Last year’s $500 million acquisition of DeepMind by Google undoubtedly put Artificial Intelligence (AI) squarely in the minds of investors and media alike. So much so that there’s a tendency to re-badge any tech comprising of algorithms and machine learning as AI. However, regardless of where that line starts and stops, Munich-based Neokami claims it’s the real deal.
The company, which is on a mission to “help companies join the AI revolution,” has closed a $1.1 million seed round from angel investors Josef Brunner and Tom Noonan. Both previously founded JouleX, the data centre energy management tech company acquired by Cisco. Meanwhile, Neokami recently graduated from Wayra Germany, the accelerator program run by telco Telefonica.
“I think executives at top firms have all heard of AI and know intuitively that it could help them run their businesses better and more securely,” Neokami CEO and co-founder Ozel Christo tells me.
“However there is a huge skills gap in the construction, implementation and integration of AI algorithms. In addition it is not entirely clear how exactly AI can be used for their specific organisation. We fill this gap through on-site integration, customer engineering, our developer APIs and our AI-powered products.”
To date, Neokami’s AI products span a range of different use cases, from social media monitoring, image analysis to CRM. Its first product was a real-time emotional heat map.
“We connected the Twitter API to our sentiment analysis algorithms for a beautiful real-time geographic emotion visualisation,” explains Christo. “Developers can tap into our API and access our sentiment analysis altos. In the future we will also add search.”
Other examples include image-based gender and age recognition (you can try a live demo here, which confirms I look much younger than I am), and food recognition. The latter, which is currently in development, will enable you to take a photo of a plate of food and return the types of food on the plate as well as calorie estimate. “This is incredibly useful for fitness tracker applications for example,” says Christo.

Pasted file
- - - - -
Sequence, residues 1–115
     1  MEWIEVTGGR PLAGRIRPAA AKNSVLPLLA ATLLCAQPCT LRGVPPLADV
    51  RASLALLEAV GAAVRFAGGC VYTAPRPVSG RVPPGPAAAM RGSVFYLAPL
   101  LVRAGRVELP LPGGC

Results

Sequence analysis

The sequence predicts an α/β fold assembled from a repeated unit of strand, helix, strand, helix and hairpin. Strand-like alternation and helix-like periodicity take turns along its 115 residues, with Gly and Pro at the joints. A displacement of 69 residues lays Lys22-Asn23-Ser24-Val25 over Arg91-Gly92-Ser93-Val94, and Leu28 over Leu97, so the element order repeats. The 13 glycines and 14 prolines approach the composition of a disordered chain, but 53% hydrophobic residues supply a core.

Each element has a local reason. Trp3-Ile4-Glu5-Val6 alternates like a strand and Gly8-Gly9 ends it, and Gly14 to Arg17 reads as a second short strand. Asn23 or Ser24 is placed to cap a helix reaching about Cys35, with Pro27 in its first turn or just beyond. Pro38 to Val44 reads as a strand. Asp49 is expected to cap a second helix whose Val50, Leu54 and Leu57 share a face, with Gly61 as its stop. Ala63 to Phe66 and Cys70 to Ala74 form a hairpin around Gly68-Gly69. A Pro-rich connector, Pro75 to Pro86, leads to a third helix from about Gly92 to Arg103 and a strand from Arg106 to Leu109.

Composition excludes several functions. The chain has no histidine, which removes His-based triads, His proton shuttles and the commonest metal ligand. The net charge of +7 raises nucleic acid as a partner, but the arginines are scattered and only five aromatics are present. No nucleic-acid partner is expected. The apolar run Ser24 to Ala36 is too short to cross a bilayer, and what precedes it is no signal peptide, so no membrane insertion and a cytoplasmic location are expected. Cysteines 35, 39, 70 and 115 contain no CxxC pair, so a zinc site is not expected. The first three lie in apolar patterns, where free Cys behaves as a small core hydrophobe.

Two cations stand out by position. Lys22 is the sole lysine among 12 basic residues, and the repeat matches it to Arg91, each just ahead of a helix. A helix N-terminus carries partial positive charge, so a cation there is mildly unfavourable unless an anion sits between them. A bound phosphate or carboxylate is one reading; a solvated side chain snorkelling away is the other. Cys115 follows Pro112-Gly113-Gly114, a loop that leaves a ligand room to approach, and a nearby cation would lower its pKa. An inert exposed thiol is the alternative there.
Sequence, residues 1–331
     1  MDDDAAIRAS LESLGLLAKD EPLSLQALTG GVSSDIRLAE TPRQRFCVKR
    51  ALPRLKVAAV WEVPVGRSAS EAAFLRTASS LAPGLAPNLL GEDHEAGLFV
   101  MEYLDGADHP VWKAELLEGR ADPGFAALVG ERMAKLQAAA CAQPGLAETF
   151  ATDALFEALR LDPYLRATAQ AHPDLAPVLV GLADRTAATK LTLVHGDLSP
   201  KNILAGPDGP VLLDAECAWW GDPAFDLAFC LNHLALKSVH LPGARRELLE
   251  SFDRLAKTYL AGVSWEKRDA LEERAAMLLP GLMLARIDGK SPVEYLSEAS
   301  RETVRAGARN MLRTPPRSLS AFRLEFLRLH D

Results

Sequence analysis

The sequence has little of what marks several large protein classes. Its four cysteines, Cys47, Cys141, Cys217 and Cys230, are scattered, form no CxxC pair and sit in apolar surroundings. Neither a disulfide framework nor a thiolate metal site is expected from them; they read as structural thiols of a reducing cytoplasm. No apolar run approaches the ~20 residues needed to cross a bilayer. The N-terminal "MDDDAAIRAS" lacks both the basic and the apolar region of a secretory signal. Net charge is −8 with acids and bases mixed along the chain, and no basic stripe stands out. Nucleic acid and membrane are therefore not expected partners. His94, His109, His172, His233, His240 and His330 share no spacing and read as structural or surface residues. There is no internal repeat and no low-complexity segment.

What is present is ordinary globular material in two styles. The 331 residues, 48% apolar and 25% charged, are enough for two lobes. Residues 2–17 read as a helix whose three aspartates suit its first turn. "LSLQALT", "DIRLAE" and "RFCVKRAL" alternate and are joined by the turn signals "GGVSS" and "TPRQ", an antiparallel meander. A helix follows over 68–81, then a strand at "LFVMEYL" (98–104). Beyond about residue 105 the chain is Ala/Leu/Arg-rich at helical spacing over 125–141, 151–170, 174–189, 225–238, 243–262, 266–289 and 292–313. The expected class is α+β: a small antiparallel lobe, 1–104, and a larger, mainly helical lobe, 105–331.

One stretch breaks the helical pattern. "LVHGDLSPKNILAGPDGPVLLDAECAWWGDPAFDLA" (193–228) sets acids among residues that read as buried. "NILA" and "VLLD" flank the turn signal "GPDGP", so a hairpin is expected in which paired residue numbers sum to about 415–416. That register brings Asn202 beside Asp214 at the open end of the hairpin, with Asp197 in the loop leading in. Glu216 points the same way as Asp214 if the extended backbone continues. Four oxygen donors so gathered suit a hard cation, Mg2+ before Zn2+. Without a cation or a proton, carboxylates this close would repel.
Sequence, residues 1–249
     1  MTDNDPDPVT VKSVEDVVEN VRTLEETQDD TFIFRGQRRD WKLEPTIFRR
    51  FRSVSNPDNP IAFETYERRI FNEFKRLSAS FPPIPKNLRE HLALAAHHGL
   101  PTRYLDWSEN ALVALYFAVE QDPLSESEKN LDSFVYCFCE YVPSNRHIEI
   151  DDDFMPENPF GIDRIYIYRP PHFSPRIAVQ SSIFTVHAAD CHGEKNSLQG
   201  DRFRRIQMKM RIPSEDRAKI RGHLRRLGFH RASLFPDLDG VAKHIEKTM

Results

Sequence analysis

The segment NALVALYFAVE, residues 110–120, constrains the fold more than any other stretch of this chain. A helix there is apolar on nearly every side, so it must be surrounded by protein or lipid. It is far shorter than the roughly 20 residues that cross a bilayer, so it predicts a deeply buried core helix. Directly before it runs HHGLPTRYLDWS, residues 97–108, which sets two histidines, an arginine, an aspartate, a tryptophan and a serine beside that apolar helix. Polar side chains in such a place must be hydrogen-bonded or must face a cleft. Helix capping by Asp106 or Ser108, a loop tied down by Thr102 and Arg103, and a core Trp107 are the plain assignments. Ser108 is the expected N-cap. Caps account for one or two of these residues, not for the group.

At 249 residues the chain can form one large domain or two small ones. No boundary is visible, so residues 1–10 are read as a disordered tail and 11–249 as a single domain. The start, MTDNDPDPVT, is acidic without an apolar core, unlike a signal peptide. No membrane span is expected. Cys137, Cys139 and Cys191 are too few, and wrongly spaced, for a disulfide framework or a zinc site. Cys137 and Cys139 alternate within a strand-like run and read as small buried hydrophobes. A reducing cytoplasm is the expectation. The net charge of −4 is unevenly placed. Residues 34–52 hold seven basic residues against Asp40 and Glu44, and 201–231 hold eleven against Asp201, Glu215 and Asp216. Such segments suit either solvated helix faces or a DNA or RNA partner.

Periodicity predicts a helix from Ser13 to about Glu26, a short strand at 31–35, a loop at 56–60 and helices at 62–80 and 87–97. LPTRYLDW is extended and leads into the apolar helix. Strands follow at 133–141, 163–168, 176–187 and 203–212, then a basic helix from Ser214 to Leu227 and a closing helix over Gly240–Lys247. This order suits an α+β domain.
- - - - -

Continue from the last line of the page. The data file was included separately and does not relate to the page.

And last but not least: cybersecurity. Specifically, Neokami’s AI tech is being applied to what Christo calls “cloud data sensitivity management” — that is identifying and locating sensitive documents that are, perhaps inappropriately, stored in the cloud.
“We solve the huge problem of security professionals not being able to manage the location of their sensitive data in the cloud. We use AI to auto-detect documents with sensitive data, taking the human manual element out of the picture,” he says.
Competitor-wise, Christo concedes that there are a number of machine learning-as-a-service platforms, including Wise.io, Skytree, and Sentient.ai, to name a few. “Where we seek to differentiate is practical usage and application. Most of our competitors present a horizontal AI platform that can seemingly do anything. We want to actually bring this to the masses in a transparent and very usable fashion – hence our focus on the developer API and packaged AI products that solve specific problems. Instead of talking about AI, we aim to get people actually using AI technologies comfortably and practically,” he says.